The first stop yesterday was the ancient ruins of Byblos. I LOVE ANCIENT RUINS! Okay, I know I`m such a dork... but I live for seeing how others live. I`m the obnoxious one on the guided tours who is always stopping the tour guide to ask questions, "well, how exactly did that work?" etc. These ruins date back from 6000 BC, before the Phoenicians. I really liked our tour guide at the Byblos ruins yesterday too. She was explaining to us how there are still people today in Lebanon, Palestine, Jordan and Iraq whose blood line can be dated back to the Phoenicians. She kept telling me that I "looked Phoenician". "Are you sure you are American? You don`t look American?" she asked me. "Well, I have family in Sicily... I`m Italian," I replied. "OH! Well, that explains it," she exclaimed joyously. "There are a lot of relations between the Italians... especially Sicilians and the Phoenicians... through trade etc..." she kept going on and then we made the collective decision that I come from a Phoenician blood line. Hehe... actually, I made that discovery a long time before coming to Lebanon. hehe jk. Anyway, we continued our tour and saw parts that had been rebuilt and broken down by the Crusaders, Mongols, Muslims etc. There is this one spot by the water where EVERYONE just came around, occupied the previous group and rebuilt... it`s so fascinating. This goes on today still... of course not on these particular ruins but throughout the world as we all very well know.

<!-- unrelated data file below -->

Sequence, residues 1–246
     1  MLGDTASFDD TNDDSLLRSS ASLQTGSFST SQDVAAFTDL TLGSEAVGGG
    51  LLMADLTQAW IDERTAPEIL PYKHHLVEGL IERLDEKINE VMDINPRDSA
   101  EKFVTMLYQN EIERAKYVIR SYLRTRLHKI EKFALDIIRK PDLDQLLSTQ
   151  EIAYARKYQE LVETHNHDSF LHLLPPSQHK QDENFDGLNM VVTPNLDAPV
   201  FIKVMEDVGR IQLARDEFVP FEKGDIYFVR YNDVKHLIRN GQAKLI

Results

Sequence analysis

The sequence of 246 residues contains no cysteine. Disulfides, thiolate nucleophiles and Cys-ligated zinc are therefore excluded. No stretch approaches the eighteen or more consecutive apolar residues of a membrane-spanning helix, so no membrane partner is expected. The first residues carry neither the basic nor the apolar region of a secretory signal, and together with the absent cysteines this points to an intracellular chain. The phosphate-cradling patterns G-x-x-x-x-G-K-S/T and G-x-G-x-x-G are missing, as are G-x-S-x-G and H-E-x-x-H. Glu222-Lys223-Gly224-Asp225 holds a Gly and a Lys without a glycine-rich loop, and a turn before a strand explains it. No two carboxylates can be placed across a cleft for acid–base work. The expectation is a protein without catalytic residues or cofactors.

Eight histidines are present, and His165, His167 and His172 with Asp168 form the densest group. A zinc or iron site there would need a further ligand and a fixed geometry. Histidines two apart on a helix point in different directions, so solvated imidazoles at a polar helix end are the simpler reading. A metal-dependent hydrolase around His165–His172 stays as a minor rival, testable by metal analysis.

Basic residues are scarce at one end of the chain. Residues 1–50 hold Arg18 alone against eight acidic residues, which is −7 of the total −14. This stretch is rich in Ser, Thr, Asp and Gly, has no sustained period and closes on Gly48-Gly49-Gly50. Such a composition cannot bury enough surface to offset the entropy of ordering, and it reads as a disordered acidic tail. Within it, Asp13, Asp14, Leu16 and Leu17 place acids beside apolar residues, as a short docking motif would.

The ruins are also famous for their fish fossils (I got to see all of the fossils). I heart fossils! Apparently millions of years ago those ruins had been underwater and all the fish died there and therefore became a haven for fish fossils. There was even a small souk but I didn`t buy anything (except for some batteries for my camera) because there is no chance I can get the stuff home if I evacuate. However, I may return tomorrow afternoon to the same spot (it`s about 6 minutes away down the mountain) and go through the souks and look at some other things I didn`t really get to enjoy because I was sneezing and snotting all over with my cold.